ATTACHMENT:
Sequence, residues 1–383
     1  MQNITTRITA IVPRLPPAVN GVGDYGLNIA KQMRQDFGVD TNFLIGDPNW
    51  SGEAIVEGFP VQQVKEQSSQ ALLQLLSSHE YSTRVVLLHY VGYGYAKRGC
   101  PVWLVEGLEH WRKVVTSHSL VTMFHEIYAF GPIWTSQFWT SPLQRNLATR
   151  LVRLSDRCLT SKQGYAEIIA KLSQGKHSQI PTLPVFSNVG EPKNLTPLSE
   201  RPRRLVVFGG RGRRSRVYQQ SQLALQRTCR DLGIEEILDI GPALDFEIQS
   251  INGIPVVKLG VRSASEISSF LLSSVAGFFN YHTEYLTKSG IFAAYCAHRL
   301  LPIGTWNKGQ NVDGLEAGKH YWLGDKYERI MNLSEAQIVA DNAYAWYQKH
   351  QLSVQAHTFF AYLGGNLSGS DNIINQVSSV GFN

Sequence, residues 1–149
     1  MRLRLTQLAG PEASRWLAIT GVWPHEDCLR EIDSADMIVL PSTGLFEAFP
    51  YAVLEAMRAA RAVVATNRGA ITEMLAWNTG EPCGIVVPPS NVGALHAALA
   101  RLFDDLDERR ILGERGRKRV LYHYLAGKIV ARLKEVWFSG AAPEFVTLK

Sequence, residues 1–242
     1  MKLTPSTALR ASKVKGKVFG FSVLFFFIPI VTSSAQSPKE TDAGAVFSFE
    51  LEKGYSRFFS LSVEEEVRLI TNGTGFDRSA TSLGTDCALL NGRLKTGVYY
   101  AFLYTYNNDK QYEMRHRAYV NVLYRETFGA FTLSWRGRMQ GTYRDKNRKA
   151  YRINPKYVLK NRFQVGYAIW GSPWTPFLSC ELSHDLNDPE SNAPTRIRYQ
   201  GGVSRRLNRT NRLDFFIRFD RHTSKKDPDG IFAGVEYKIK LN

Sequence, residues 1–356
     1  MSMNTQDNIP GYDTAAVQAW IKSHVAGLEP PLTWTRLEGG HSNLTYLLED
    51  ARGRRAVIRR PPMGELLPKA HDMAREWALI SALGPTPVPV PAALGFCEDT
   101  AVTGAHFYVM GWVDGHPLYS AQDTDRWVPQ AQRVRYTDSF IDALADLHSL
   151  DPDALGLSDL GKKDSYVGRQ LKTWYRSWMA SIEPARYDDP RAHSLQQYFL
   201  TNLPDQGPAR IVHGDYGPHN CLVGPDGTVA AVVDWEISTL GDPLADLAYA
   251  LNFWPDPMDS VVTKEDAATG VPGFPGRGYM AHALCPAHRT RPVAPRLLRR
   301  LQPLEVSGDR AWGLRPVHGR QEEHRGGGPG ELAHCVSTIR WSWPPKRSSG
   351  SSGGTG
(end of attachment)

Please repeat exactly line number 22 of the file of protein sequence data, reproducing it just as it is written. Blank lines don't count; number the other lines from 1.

    51  ARGRRAVIRR PPMGELLPKA HDMAREWALI SALGPTPVPV PAALGFCEDT